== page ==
Anyone who has ever looked at the tax code knows about the alphabet soup of acronyms associated with taxes. In addition to the big one—IRS a.k.a. Internal Revenue Service—I’m guessing that there are more than 100 taxcronyms out there. Here’s a guide to decoding some common as well as complex tax acronyms.
Your Adjusted Gross Income is key to figuring out your taxes, but computing it can be tricky. Thankfully, TurboTax takes care of the legwork for you. The AGI includes your income, minus certain deductions such as alimony, interest for student loans and contributions to a retirement account.
The Alternative Minimum Tax was originally designed to tax the 150 most wealthy Americans back in 1969. But because the AMT was never indexed for inflation, millions of people pay it today. A temporary patch for 2009 returns sets the AMT exemption at $46,700 for single filers and $70,950 for joint filers.
Here’s how I describe the AMT: It’s a bizarre parallel tax universe in which you lose most of your valuable tax deductions, including the standard deduction along with state and local taxes. Overall, some 4 million taxpayers are expected to pay $35.5 billion in AMT in 2009, at an average of about $8,400 each, according to the Tax Policy Center.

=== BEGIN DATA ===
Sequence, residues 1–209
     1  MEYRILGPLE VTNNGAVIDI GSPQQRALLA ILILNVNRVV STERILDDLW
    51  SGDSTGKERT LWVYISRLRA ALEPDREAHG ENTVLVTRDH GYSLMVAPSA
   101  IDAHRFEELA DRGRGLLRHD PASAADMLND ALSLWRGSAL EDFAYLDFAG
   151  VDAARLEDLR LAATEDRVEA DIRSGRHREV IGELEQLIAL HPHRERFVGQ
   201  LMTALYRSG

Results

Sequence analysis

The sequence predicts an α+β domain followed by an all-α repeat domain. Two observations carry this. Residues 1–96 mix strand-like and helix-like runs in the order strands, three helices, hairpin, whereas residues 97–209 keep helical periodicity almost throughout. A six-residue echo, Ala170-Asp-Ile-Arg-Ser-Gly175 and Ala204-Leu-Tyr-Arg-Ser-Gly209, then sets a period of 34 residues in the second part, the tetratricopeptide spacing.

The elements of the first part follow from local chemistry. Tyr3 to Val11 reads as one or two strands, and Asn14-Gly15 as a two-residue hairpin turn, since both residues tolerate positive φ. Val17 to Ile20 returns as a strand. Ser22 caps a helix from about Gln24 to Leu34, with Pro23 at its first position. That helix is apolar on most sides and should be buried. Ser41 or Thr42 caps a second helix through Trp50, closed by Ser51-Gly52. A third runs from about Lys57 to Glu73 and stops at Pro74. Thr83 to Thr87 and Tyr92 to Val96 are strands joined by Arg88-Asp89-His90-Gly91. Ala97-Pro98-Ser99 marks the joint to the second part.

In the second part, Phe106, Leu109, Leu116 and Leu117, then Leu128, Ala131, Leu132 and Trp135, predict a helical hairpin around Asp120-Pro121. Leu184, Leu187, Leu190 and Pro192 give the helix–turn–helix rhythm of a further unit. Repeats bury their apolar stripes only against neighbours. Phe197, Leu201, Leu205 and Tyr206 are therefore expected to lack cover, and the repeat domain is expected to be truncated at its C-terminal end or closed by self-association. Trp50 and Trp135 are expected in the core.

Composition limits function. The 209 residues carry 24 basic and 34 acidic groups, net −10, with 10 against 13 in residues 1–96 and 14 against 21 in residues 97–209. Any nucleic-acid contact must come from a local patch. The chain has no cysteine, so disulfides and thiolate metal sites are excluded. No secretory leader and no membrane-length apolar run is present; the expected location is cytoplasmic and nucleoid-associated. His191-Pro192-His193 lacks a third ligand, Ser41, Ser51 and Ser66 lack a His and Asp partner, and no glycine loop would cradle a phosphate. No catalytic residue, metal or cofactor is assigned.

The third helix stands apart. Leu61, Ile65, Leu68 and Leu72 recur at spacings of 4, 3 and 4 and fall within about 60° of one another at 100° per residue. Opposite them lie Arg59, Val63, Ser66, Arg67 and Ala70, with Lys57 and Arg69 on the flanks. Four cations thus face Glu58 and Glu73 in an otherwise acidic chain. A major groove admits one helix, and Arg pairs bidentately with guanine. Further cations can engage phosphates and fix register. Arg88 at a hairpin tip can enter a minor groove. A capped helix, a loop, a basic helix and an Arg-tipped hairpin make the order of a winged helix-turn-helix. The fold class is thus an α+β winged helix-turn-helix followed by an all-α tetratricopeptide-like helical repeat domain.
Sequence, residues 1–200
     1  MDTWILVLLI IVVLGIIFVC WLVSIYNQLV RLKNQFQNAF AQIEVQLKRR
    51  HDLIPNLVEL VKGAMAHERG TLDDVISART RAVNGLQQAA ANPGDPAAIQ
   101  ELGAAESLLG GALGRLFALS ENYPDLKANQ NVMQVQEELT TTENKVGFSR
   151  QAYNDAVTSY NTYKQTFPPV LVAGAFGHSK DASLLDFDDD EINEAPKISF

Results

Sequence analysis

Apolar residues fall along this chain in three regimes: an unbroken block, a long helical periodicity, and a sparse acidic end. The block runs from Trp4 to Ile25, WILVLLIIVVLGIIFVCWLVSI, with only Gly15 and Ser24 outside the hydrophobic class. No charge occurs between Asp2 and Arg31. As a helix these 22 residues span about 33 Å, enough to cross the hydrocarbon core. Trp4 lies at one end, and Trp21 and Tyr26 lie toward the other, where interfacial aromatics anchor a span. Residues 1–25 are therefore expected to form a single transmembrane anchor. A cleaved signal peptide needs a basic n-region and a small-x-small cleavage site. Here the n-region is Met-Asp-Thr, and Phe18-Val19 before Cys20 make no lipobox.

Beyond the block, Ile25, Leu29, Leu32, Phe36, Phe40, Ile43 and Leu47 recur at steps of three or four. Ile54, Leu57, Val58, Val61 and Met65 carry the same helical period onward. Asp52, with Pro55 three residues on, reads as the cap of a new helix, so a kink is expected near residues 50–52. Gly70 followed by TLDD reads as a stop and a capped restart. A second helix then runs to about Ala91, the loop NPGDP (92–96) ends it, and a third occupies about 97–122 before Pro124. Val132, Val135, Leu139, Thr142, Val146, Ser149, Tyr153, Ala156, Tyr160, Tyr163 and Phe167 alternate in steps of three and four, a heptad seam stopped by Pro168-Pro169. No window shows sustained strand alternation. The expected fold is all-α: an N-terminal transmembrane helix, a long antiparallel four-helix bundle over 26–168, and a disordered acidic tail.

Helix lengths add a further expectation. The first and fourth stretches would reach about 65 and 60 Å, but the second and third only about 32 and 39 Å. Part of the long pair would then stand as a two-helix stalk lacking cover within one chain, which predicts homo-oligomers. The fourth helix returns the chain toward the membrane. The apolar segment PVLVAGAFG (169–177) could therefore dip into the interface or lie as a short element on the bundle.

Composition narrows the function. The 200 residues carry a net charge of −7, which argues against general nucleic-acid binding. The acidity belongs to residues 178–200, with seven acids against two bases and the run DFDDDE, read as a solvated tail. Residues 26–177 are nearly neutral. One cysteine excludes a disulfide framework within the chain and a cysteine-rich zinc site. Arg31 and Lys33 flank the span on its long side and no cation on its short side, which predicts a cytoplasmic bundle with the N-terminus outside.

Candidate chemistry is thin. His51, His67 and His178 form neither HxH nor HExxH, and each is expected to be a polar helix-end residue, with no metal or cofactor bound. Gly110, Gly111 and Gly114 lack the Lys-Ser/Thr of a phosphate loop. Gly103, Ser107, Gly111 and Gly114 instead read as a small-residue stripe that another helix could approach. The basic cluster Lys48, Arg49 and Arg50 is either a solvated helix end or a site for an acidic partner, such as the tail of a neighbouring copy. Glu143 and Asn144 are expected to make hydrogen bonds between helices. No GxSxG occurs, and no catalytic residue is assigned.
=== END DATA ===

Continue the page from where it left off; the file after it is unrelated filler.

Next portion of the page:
It’s pretty hard to avoid the AMT, if you stuck in this tax trap—I know this firsthand. We’ve been paying the AMT for nearly a decade.
If you work in corporate America, your employer has a nine-digit Employer Identification Number. And this number is key to making online tax filing easy. With this number you can import your employment tax information directly into TurboTax.
The Earned Income Tax Credit is designed to give the lower-paid workers—I like to refer to them as the worker bees—a chance to lower their taxes or claim a refund. To get the credit, your income cannot exceed $13,440 if you are single and have no children. (The income threshold is $18,440 if you are married and filing with your spouse). If you fit the bill, you are eligible for a $457 credit.
Those little (or not-so-little) bundles of joy living in your home make this tax credit even more valuable. Depending on the number of children you have, the credit increases from $3,043 (one child) to $5,657 (three kids or more), But you cannot earn more than $43,279 if you are single and $48,279 if married and filing jointly with three or more qualifying kids.
Overall, the EITC was responsible for helping Americans realize $49 billion in tax credits in 2008.
A Flexible Spending Arrangement lets you save pretax money for qualified health-care services every year. They are typically a use-or-lose proposition, though, so it is important to set a careful estimate of your health-related expenses. If you end up with a lot of money left in your FSA at the end of the year, consider donating medical supplies to a local school or clinic.
As the cost of health insurance continues to climb, more employees are opting for Health Savings Accounts. These high-deductible health plans (HDHP) let employees make contributions to a savings account with pretax dollars. While your employer may or may not contribute to the account, any money you do not use can continue to grow, similar to a retirement savings plan.